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GRILLING TIPS

Most of these tips apply to grilling with propane. But many can be applied to grilling with charcoal as well.

  GRILLING DURING A POWER OUTAGE

  • At the very least, purchase a spare tank of propane or two 20-pound bags of charcoal, depending on the type of grill.
  • Grills should NEVER be used indoors or in a garage. Any appliance fueled by gas, oil, kerosene, propane, wood or charcoal can create dangerous—and deadly—carbon monoxide gas if used in enclosed areas. Even in the summer, in a well ventilated area, my neighbors experienced a devastating and fatal house fire caused by an unattended charcoal grill in their garage.
  • Store the spare tank in a protected but not enclosed place, especially not in the house.
  • Charcoal bags can be kept dry by storing in a large plastic garbage can with lid.
  • Before a storm, be sure to secure the grill and propane tank against high winds.
  • Use a large plastic bin to store all the tools needed for cooking on a grill and serving food. This includes pots and skillets made especially for the grill. Search for the products by individual description or a general a phrase such as “grill tools” on sites such as Amazon. Also, store butane lighters or matches placed in a waterproof container, plastic utensils, paper plates and napkins, grill tools, foil, a manual can opener and trash bags. Make sure the bin is easily accessible in an emergency.
  • Start by grilling or cooking perishable items from your refrigerator or freezer. Remember the “40 degrees” rule. Invite the neighbors for dinner to help consume your “bounty” rather than losing it to the garbage can.
  • Make copies of simple recipes that can be cooked on a grill, and store recipes in the plastic bin with the grilling tools.
  • Have an LED light source such. You can find this item made specifically for grills, online.
  • Stock up on canned/preserved goods such as stews, soups, canned meats and vegetables that can be heated on the grill.
  • Purchase a large pot for use in boiling water on the grill to make it safe for drinking and food preparation.

 

GRILLING IN WINTER   Tips from Blue Rhino, the leading supplier of propane grill tanks.

 Before You Grill

Gas: Use a grill with a high BTU rating for maximum heat output. Make sure you have enough propane BEFORE you start grilling, since you can’t cook without it. Dress: Wear a warm jacket, but be careful of any hanging fabric that could catch fire. A cover-up with an elastic band around the wrist or a button closure is a perfect choice. Also, select warm gloves that allow you to move your fingers, such as fingerless gloves, or ones that have fingertips that can be folded back.

Grill placement: Place your grill in a location that’s sheltered from cold winds, but is approximately 10 feet from any combustible surfaces. Don’t place it against siding or near other materials susceptible to heat damage or catching fire.

Light: During the winter when the sun sets before grilling time, use a Magnetic Barbecue Light featuring three powerful LED bulbs so you don’t have to bend close to see what’s going on.

Oil: Coat grids with cooking oil before lighting to help keep food from sticking.

Start: Propane grills can be harder to light in the cold. To make it easier, do NOT turn the handwheel on the propane tank all the way on. Instead, try turning it just a single turn before lighting.

Season: Preheat the grill to about 300°F and liberally apply vegetable oil with brush or spray bottle. Close the grill and allow it to sit for about 20 minutes.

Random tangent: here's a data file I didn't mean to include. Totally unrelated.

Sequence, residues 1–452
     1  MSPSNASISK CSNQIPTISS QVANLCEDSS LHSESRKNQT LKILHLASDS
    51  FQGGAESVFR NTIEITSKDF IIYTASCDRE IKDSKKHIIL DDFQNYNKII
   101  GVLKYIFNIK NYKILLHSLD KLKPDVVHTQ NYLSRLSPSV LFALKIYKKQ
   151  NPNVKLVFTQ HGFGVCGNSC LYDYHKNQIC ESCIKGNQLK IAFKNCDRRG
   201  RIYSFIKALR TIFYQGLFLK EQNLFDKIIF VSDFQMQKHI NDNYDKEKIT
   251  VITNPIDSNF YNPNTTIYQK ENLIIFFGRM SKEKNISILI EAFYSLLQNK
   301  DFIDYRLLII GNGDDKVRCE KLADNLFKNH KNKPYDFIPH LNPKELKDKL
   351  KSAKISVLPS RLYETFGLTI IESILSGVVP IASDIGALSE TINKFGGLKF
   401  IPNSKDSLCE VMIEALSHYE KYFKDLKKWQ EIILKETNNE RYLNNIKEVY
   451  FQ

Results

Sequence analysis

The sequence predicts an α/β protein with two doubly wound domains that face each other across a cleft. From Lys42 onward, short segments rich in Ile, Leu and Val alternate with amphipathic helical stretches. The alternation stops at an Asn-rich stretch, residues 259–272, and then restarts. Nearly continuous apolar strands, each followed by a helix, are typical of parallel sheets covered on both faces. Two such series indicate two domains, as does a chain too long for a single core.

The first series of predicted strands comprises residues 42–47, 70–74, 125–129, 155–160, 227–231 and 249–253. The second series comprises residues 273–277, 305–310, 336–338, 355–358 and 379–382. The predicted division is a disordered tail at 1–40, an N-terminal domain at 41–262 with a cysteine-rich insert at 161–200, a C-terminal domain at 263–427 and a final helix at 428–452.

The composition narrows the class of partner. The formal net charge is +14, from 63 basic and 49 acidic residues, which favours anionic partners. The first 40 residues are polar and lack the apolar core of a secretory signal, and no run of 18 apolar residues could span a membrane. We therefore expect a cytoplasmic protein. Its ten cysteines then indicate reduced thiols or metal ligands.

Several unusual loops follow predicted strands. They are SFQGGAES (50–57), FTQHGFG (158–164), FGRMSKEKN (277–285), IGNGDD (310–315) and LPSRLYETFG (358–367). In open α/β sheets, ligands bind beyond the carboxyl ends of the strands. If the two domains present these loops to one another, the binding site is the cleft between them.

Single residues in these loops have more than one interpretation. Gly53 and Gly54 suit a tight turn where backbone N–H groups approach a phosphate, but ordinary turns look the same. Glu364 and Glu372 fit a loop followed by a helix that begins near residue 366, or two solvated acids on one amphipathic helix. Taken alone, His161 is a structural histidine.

While You Grill

Lid placement: Depending on the type of food you are cooking, leave the lid down in the winter to help the grill retain as much heat as possible.

Rubs: For a mild flavor, add a rub immediately before cooking. For a more intense taste, rub meats a day or so in advance.

Mark food: Sear food over high heat for 90 seconds and then rotate it clockwise 45 degrees and sear again to create a crosshatch design.

Grill tools: To avoid losing natural juices, use long-handled tongs or spatulas instead of forks.

Don’t mess with it: Let the grill do the work. Resist the urge and turn foods over as little as possible.

Direct cooking: To sear or cook from the outside-in, put steaks, burgers and veggies directly over lit burners.

Wood chips: Enhance flavors by using wood chips in smoker boxes or aluminum foil pouches. Always follow the wood manufacturer’s instructions.

Flare-ups: To reduce flare-ups, use lean cuts of meat, or trim fat. Avoid cooking at very high temperatures. If a flare up does occur, put the grill lid down, or turn all burners OFF and move food to another part of the grill. After the flames subside, re-light the grill. DO NOT spray water on flare-ups.

Foil: Place delicate foods in aluminum foil pouches. Indirect cook, or place the pouch on the warming rack. Never cover entire cooking area with aluminum foil.

Warming rack: Use it to keep cooked food warm, toast breads or cook delicate foods in aluminum foil pouches.

Side burner: Use it like your kitchen stove for boiling, warming, sautéing or frying.

After You Grill

Let it rest: After cooking, let grilled food stand for a few minutes before serving to allow the juices to redistribute. This will help ensure a more consistent and juicy taste.

Clean: While the grill is still hot, clean cooking grids and racks with quality grill brushes, grill cleaners, and stainless steel cleaners. Wear protective gloves and gently remove build-up.

Protect: After every use, allow grill to cool. Then, lightly coat cooking grids with cooking oil, empty grease pan, wipe outside surfaces with a suitable cleaner, and protect surfaces with a quality cover that fits your grill.

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